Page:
Saturday, July 28, 2007
  I believe in research....
I believe in evidence. I believe in carefully planned, well-executed, carefully analyzed, and well-presented studies of user behavior. (this is a commentary on a commentary on a commentary- see Walt's Cites and Insights v7 n9 ). Doing research is hard work. It takes a really long time and planning -- and everything can go wrong (yes, I really need to get moving on my current projects!)

It's funny. Many of our most important articles are not reports of completed research. Think of the famous Bates Berrypicking article, for example. There's plenty of room for this-is-how-I-did-it articles, columns, thought pieces, and commentaries - but to really move our field forward, we need actual evidence. This evidence can come from qualitative or quantitative research, if that research is well-planned, carefully executed, and appropriate to the problem. Just about every paradigm from experimental to observational to social network analysis has a place in our field. The reports of work completed must be reviewed by peers in the field who are competent to judge the appropriateness of the methods used, the claims made, the analysis used. It *does* matter!

Are there librarians who phone it in on articles to try to get tenure? Do these articles get published? Absolutely. But without evidence -- how do you know? How do you make good decisions without good evidence?

I'm not concerned with scholarly and authoritative (right now). I've read some poor articles from authorities in our field -- the evidence needs to stand for itself. Using fancy language to hide poor execution is not good, either.

I want to be clear: I'm not opposed to blogs going on CVs or being counted as professional work. Columns and thought or theoretical pieces belong on CVs, so why not blogs? Actually, some areas of classification and bibliographic control are closer to philosophy than social sciences, so those articles may not include my kind of evidence.

I enjoy blogging and I think it's a great way to develop ideas and communicate with others in our field and adjacent fields. I think there are many ideas that deserve to be captured in a more permanent format. I've heard wonderful things at conferences that are never captured, too. I think that bloggers who come up with these fabulous posts should take the time and discipline required to develop the posts into articles and, at minimum, archive them at D-List or E-LIS. We provide access and preserve other work -- is our work not as valuable? Am I not a researcher if my field is LIS? Is there not value for having my work indexed in research databases?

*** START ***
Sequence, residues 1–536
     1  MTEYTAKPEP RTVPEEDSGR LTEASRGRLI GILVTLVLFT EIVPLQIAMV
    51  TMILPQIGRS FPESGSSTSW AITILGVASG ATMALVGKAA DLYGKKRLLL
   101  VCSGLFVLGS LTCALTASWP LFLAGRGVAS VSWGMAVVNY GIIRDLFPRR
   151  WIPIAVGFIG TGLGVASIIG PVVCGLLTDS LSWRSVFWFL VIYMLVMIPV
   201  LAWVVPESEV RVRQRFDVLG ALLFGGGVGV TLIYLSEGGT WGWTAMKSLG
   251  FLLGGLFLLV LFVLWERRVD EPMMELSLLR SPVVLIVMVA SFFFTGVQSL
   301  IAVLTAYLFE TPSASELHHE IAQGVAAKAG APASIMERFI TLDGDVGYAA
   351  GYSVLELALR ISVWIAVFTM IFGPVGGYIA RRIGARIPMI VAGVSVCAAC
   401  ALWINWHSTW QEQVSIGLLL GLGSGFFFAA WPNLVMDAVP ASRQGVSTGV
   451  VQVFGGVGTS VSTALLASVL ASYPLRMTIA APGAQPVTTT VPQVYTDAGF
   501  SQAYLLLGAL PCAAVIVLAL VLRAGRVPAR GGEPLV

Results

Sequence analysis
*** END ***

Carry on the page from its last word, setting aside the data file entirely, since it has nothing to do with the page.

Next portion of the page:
As to the turnaround question -- why not have a "letters" journal or magazine? Why don't we self-archive pre-prints and drafts?

Some people think everything they ever think of is new and different and deserves to be shouted from the rooftops, patented, and published. Others think there's no new idea under the sun and it's all been done before or it's not worthy of publication. I hate to see young librarians with fabulous ideas falling into the second category (I often fall into this category, but I have several mentors urging me on). Get a mentor, get help getting started, and publish!
Wednesday, July 25, 2007
  Cool - slidecasting
Now SlideShare lets you synchronize an audio file with your slideshow. This would be a great way for libraries that don't have Camtasia (or other even more expensive versions) to easily create tutorials. Also, it's a great way to capture presentations for sharing later. (see: http://www.slideshare.net/faqs/slidecast)
Tuesday, July 17, 2007
  "Influential Marketing Blog" on L 2.0
[via Chris who I guess is on an Idaho library list serve where Anne posted it?]
Woo-hoo! Thank you, thank you very much... check's in the mail :)
Thursday, July 05, 2007
  ASIST2007: Program posted
And very exciting, too. Looking forward, in particular, to: